Weatherspoon's final WNBA game ever was Game 2 of the 2004 Western Conference First Round on September 26, 2004 against the Sacramento Monarchs. The Sparks won the game 71 – 57 and evened the series 1 – 1 with Weatherspoon recording 2 rebounds in 3 minutes. However, Weatherspoon did not play in Game 3 and the Sparks lost that game 58 – 73 and were eliminated from the playoffs.[7] After her 2004 season with the Sparks, Weatherspoon retired.

Coaching Career

In 2007 Weatherspoon was the head coach of the Westchester Phantoms of the American Basketball Association. In April 2008 she joined the coaching staff of the Lady Techsters of Louisiana Tech. On February 9, 2009, she was promoted to interim head coach to replace former head coach Chris Long. April 2, 2009 saw Louisiana Tech shed the interim label and name Teresa head women's basketball coach. In 2011, she was voted in by fans as one of the Top 15 players in the fifteen-year history of the WNBA.[8] In 2016, Weatherspoon was named in the WNBA Top 20@20. On September 26, 2019, Weatherspoon was named two-way player development coach for the New Orleans Pelicans.[9] Weatherspoon was later promoted to a full-time assistant coach for the Pelicans on November 16, 2020.[10] The Pelicans released Weatherspoon from the coaching staff in June 2023.[11]

On October 12, 2023, Weatherspoon was hired to be the Head Coach of the Chicago Sky of the WNBA.[12]

National team career

Weatherspoon was selected to represent the US at the inaugural Goodwill games, held in Moscow in July 1986. North Carolina State's Kay Yow served as head coach. The team opened up with a 72–53 of Yugoslavia, and followed that with a 21-point win over Brazil 91–70. The third game was against Czechoslovakia and would be much closer, ending in a 78–70 victory. The USA faced Bulgaria in the semi-final match up, and again won, this time 67–58. This set up the final against the Soviet Union, led by 7-foot-2 Ivilana Semenova, considered the most dominant player in the world. The Soviet team, had a 152–2 record in major international competition over the prior three decades, including an 84–82 win over the US in the 1983 World Championships. The Soviets held the early edge, leading 21–19 at one time, before the USA went on a scoring run to take a large lead they would never relinquish. The final score was 83–60 in favor of the US, earning the gold medal for the USA squad. For the entire event, Teresa Gaye Weatherspoon averaged 1.6 points per game.[13]

Weatherspoon continued with the National team at the 1986 World Championship, held in Moscow, a month after the Goodwill games in Moscow, although she was injured and unable to play. The USA team was even more dominant this time. The early games were won easily, and the semifinal against Canada, while the closest game for the USA so far, ended up an 82–59 victory. At the same time, the Soviet team was winning easily as well, and the final game pitted two teams each with 6–0 records. The Soviet team, having lost only once at home, wanted to show that the Goodwill games setback was a fluke. The USA team started by scoring the first eight points, and raced to a 45–23 lead, although the Soviets fought back and reduced the halftime margin to 13. The USA went on a 15–1 run in the second half to put the game away, and ended up winning the gold medal with a score of 108–88.[14]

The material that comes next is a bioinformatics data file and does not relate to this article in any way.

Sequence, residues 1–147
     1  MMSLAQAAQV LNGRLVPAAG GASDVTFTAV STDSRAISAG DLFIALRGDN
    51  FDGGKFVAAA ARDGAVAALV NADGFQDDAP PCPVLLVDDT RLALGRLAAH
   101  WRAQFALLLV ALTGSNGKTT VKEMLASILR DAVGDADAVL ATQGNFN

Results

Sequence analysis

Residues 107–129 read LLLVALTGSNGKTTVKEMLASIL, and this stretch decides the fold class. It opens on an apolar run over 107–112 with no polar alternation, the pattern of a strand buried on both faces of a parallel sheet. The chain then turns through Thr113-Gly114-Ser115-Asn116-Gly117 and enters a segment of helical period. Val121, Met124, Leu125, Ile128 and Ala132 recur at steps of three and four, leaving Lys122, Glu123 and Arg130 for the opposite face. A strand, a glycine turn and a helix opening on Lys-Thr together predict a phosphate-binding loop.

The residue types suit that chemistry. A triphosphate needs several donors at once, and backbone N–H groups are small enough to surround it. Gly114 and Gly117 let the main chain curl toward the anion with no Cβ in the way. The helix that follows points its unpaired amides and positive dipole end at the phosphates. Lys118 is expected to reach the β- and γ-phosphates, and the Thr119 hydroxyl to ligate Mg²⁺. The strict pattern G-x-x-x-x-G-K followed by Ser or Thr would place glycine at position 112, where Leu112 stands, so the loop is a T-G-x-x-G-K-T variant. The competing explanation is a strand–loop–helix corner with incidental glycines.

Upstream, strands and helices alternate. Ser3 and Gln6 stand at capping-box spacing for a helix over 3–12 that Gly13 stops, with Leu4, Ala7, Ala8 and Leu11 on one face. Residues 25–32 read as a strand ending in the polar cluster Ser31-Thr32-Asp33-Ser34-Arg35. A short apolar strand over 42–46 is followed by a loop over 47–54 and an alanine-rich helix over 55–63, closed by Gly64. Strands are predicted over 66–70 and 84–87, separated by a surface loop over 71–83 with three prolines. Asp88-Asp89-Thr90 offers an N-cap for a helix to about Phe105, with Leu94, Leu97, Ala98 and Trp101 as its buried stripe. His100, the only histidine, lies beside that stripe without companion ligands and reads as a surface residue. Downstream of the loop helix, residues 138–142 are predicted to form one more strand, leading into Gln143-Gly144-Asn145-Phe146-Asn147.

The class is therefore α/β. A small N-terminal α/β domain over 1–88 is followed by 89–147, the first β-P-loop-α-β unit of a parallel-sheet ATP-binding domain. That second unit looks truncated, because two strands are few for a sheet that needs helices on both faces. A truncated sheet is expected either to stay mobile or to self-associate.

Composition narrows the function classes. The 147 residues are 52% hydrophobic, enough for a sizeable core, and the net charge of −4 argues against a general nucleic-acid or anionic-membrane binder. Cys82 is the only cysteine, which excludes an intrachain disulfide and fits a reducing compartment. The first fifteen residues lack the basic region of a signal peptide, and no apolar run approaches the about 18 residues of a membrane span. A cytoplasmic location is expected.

Weatherspoon was selected to be a member of the team representing the US at the 1987 World University Games held in Zagreb, Yugoslavia. The USA team won four of the five contests. After winning their first two games against Poland and Finland, the USA faced the host team Yugoslavia. The game went to overtime, but Yugoslavia prevailed, 93–89. The USA faced China in the next game. They won 84–83, but they needed to win by at least five points to remain in medal contention. They won the final game against Canada to secure fifth place. Weatherspoon averaged 8.6 points per games. She recorded 21 steals over the course of the event, tied for first place on the team.[15]

Head coaching record

Weatherspoon coaching for Louisiana Tech in 2012
Statistics overview
Season Team Overall Conference Standing Postseason
Louisiana Tech Lady Techsters (Western Athletic Conference) (2009–2013)
2008–09 Louisiana Tech 9–2 8–0 T–1st WNIT Second Round
2009–10 Louisiana Tech 23–9 11–5 2nd NCAA First Round
2010–11 Louisiana Tech 24–8 15–1 1st NCAA First Round
2011–12 Louisiana Tech 17–15 8–6 3rd
2012–13 Louisiana Tech 14–17 9–9 5th
Louisiana Tech Lady Techsters (Conference USA) (2013–2014)
2013–14 Louisiana Tech 12–20 5–11 14th
Louisiana Tech: 99–71 56–32
Total: 99–71

      National champion         Postseason invitational champion  
      Conference regular season champion         Conference regular season and conference tournament champion
      Division regular season champion       Division regular season and conference tournament champion
      Conference tournament champion

Personal life

Weatherspoon was born to Charles and Rowena Weatherspoon in Pineland, Texas. Her father, Charles Sr., played minor league baseball in the Minnesota Twins' farm system, and holds the record for the most grand slams (3) in a minor league game. Weatherspoon has two brothers and three sisters. She credits her family, especially her mother Rowena Weatherspoon, as the biggest influence on her basketball career. Her fans call her by her nicknames "T-Spoon" or "Spoon". She and former Atlanta Falcons linebacker Sean Weatherspoon are second cousins.